Our new database page will launch shortly.
From the Motor Sport Archive
Normally when I write Reflections on a particular Grand Prix event it is when there has been time to wait and let the dust settle, and the euphoria whipped up by the media die down, and to then think about things a bit more clearly than is possible when the sound of 25 800 horsepower engines has gone. This often means that the written result is a bit out of date compared with daily, or weekly newspapers and magazines, but the vagaries of the Grand Prix calendar and the printing schedules to get MOTOR SPORT on the bookstalls, take no heed of the requirements of the writer, and dead-line dates are either too early or too late; seldom do they fall as a nicely balanced pattern. Consequently these thoughts on the Spanish Grand Prix are being written before any of the teams had returned to base or analysed carefully their successes or failures.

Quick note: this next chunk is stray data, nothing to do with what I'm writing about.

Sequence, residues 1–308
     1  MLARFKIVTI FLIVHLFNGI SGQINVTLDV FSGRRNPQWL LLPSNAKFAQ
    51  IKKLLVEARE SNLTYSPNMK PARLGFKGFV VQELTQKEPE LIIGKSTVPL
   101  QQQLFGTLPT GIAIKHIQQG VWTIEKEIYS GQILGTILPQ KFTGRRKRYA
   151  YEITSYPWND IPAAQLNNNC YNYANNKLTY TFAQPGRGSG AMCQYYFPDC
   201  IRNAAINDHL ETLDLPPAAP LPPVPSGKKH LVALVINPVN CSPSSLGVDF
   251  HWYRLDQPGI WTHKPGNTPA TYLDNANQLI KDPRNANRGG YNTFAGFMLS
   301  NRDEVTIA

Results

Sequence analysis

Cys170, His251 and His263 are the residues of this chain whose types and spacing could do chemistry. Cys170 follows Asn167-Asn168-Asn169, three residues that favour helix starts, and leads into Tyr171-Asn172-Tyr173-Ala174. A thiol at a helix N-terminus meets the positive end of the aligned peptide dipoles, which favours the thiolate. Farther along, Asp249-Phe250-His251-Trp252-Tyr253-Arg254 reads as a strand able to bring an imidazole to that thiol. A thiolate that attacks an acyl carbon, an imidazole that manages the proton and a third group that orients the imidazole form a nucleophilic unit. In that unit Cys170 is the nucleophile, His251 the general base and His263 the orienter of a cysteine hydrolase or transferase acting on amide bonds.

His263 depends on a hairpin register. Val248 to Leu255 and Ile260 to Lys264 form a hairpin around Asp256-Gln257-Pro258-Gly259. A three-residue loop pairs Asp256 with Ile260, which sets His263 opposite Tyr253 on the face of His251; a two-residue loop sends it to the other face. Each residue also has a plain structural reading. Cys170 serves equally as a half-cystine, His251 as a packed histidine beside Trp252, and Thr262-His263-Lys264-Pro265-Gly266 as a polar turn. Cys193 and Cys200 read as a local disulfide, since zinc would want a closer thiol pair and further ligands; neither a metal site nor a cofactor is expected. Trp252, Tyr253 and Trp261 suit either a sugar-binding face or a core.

Not long ago I happened to say to my colleague A.H., "Whatever happened to the Spanish Grand Prix," Throwing questions of the "What ever happened to . . ." type at one another is one of our more amusing pastimes. His reply to my question was to the effect that, though I might find it hard to believe, a brand new circuit was being built at Jerez de la Frontera in southern Spain, and a Grand Prix was due to be run on April 13th 1986. He had been in the area on a Ford "jolly" at the end of 1985 and had seen the workings going on, but with the best will in the world he could not see it being ready by April. However, we all went down to southern Spain in the second week in April and, lo and behold, the circuit was there, complete and ready to be raced on. If I hadn't seen it for myself I would not have believed it possible. The race was run and there were no serious problems, in fact I found the weekend very agreeable and a lot more straightforward than many long-established circuits.